More Real? Simulation and Hyperreality in
Contemporary Art and Culture

Art of the More Real from Trompe l’oeil to Truthiness
Moderator: Alex Bortolot, MIA
Presenters: Kaywin Feldman, MIA and Liz Armstrong, MIA

We are told that in the 5th century BC the painter Zeuxis produced a still life painting that was so realistic, birds flew down to peck at the fruit. Although artists have always played with illusion in art a new role for painting was presented by artists of the Early Modern era in Europe through the mechanisms of illusionistic space and trompe l'oeil painting. How did this art function in society? How was it perceived by contemporary viewers? Did it offer them alternative realities? Given the new technologies of linear perspective and optics that made these forms of deceptive painting possible, what is the role of technology in current forms of simulation and hyperreality? Can painting today still offer the simulated experience? Since the late 1970s, Jean Baudrillard has argued that we live in a world in which simulations and imitations of reality have become more real than reality itself. He calls this condition ‘hyperreality.’ How do we define what is actually ‘real’ in a world where media can radically shape the “original” experience being depicted? How do artists critically engage with this condition? What is the role of technology in such artistic expression? If indeed we live in a hyperreal world, how do we identify and understand art that manipulates, subverts, and/or blends in with this world? How are artists reconciling their choices between “mediated” and traditional space, interactions, and experiences?

Cinema, (Deceptive) Simulations, and Speculative Reality
Moderator: Bruce Jenkins, School of the Art Institute of Chicago
Presenters: Tom Gunning, University of Chicago, Mark Hansen, Duke University and
John Gerrard, Dublin, Ireland

“For we do not change place, we change our nature.” (Gaston Bachelard, 1964)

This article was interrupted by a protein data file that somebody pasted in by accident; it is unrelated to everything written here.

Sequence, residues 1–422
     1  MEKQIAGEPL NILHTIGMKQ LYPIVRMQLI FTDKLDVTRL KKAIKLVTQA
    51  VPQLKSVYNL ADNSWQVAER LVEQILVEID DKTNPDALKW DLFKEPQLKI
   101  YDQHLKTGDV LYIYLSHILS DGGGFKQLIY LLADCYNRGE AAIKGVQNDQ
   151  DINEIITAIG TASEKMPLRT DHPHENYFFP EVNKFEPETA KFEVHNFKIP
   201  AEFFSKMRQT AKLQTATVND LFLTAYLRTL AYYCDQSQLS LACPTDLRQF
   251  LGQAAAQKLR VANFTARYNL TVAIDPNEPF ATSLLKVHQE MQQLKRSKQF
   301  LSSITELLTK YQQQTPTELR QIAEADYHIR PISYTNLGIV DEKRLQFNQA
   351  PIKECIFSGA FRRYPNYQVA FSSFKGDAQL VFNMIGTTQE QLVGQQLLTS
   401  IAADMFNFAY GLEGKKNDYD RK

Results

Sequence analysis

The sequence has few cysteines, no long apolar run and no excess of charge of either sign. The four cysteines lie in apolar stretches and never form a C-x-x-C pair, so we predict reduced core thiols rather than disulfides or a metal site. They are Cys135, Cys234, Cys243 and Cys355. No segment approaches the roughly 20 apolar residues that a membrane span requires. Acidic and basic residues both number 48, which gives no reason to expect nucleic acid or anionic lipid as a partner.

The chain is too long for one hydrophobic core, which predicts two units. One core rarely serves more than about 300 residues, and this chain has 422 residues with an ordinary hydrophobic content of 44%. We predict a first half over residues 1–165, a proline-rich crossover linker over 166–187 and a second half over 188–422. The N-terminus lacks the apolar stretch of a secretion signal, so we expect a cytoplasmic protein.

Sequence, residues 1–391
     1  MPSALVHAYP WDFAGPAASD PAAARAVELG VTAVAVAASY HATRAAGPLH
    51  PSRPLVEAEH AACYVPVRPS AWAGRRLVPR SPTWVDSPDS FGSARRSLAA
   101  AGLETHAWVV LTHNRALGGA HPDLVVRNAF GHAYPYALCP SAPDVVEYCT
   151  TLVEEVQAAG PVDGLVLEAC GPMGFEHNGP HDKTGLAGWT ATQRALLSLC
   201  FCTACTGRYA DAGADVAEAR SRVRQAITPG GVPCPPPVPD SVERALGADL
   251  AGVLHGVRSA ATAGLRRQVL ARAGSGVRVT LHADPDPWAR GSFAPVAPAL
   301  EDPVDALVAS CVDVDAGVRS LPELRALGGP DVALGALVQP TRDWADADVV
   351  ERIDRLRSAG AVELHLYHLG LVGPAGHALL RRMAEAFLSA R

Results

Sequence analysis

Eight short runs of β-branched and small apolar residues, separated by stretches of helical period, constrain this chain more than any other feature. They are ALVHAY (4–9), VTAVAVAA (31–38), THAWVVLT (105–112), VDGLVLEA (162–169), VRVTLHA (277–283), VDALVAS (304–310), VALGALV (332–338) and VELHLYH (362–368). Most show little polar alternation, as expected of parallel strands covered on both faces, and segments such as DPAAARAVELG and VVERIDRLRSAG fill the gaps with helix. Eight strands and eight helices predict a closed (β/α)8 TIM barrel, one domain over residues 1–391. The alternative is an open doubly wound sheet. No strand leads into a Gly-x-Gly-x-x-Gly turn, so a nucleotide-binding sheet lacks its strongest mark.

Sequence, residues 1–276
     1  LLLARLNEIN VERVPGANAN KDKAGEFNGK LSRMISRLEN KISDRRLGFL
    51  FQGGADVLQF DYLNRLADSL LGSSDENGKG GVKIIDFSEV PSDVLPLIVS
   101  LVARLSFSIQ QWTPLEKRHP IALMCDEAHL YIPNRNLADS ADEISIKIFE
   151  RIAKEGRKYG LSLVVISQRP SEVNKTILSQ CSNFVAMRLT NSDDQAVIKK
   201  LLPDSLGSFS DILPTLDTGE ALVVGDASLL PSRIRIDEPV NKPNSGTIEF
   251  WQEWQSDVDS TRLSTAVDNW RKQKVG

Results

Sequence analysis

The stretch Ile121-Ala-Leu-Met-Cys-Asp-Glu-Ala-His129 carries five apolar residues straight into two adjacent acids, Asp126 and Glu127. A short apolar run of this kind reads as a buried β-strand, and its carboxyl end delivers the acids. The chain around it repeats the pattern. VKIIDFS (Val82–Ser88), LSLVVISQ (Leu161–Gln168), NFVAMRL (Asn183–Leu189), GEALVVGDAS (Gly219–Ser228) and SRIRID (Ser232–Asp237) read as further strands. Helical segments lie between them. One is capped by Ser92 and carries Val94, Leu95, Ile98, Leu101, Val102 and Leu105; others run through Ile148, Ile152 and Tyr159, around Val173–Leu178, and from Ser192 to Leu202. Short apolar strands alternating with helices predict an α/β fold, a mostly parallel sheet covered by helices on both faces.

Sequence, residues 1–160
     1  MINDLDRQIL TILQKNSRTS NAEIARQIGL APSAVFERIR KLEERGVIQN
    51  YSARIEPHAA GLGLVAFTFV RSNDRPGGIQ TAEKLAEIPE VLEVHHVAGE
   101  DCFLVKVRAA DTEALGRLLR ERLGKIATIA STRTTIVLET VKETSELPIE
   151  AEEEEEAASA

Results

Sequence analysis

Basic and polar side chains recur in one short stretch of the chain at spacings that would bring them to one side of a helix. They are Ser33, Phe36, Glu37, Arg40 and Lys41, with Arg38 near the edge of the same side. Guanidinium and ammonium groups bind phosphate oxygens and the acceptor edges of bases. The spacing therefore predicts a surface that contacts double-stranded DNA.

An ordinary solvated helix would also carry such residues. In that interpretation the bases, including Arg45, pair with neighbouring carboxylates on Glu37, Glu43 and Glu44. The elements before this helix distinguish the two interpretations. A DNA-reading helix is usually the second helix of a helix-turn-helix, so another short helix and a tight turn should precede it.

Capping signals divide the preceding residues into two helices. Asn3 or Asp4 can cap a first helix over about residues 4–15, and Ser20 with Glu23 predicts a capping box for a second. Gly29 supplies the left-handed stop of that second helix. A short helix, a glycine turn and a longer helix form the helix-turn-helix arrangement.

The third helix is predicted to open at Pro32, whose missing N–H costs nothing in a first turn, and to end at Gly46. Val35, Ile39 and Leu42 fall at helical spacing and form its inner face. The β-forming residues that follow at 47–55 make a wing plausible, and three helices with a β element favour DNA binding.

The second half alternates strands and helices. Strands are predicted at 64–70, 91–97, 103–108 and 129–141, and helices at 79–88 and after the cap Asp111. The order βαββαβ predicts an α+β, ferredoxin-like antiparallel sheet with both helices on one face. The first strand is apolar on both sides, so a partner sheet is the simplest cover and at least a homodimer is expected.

How has “the moving image” contributed to our shifting sense of reality? Historically speaking, when have there been the most significant changes in a culture’s entrenched understanding of reality and under what conditions? How are these changes taken up in the art of these times/places? How is the field of philosophical scholarship changing in the era of post-cartesian subjectivity and hyperreality? What is the role of art in this emergent epistemological shift?

Unreliable Narrators, Docufables, and Double Agency
Moderator: Bill Horrigan, Wexner Center for the Arts
Presenters: Bruce Jenkins, School of the Art Institute of Chicago, Inigo Manglano-Ovalle, Chicago and Shuddhabrata Sengupta, Raqs Media Collective, New Delhi

In his article “Art in the Age of Biopolitics,” Boris Groys argues that the art world has shifted its interest away from the artwork and towards art documentation. This shift, he argues further, is symptomatic of a broader transformation in art (and therefore in life) today. Traditionally, art was concerned not with reality but with images of reality. Today, even media that are usually thought of as reproducing reality faithfully – such as photography and film – are used in the context of art in a way that seeks to undermine any faith in reproduction’s ability to be faithful to reality.

In an age in which it is no longer possible to distinguish between the original and the reproduction, do we gravitate towards the copy and, if so, why? Is the original intrinsic to the meaning of the copy? What happens to the original?

Illusionist Culture and the Ontology of the Real
Moderator: Natasha Becker, RAP
Presenters: Norman Klein, Cal Arts and Carrie Lambert-Beatty, Harvard University

When is a documentary not a documentary? How have shifts in our current understanding of reality (as an” artificially fashioned lifespan,” to quote Groys) changed art? What do we mean by the acknowledgement of the superficial? [Why] do we like to be “tricked” by the copy or some version of the original? How does the current exploration of fiction, deception, fakery, and pranksterism suggest differences from as well as continuities with the theory of the hyperreal? What does it mean for art, politics, and the distinction between them?